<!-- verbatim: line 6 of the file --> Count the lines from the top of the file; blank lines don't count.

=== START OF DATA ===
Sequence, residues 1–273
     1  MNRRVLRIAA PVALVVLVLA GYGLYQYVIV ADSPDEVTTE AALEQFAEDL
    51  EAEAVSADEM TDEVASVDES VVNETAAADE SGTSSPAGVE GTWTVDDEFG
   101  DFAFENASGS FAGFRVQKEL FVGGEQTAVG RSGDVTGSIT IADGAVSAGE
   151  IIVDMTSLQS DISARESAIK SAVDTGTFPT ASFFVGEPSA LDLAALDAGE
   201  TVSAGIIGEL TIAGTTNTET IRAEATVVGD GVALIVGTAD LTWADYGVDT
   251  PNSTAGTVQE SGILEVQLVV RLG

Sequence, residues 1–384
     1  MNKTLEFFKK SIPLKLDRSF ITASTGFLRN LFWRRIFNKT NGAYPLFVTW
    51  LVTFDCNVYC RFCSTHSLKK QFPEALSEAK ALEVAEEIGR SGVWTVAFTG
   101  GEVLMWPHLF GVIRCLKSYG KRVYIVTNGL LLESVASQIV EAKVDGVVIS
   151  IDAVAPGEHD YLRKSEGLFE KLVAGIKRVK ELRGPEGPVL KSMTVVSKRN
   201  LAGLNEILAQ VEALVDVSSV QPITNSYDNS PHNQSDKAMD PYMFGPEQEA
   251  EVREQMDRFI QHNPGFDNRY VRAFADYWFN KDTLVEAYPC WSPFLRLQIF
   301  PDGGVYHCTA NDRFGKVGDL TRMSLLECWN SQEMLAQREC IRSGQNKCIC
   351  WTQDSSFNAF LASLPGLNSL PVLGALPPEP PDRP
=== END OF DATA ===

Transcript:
   201  TVSAGIIGEL TIAGTTNTET IRAEATVVGD GVALIVGTAD LTWADYGVDT